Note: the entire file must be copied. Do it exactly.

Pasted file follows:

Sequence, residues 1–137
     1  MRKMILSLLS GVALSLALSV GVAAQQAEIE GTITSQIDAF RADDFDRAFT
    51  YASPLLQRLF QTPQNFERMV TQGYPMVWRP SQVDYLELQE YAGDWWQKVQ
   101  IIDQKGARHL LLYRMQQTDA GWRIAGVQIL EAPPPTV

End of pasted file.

Sequence, residues 1–137
     1  MRKMILSLLS GVALSLALSV GVAAQQAEIE GTITSQIDAF RADDFDRAFT
    51  YASPLLQRLF QTPQNFERMV TQGYPMVWRP SQVDYLELQE YAGDWWQKVQ
   101  IIDQKGARHL LLYRMQQTDA GWRIAGVQIL EAPPPTV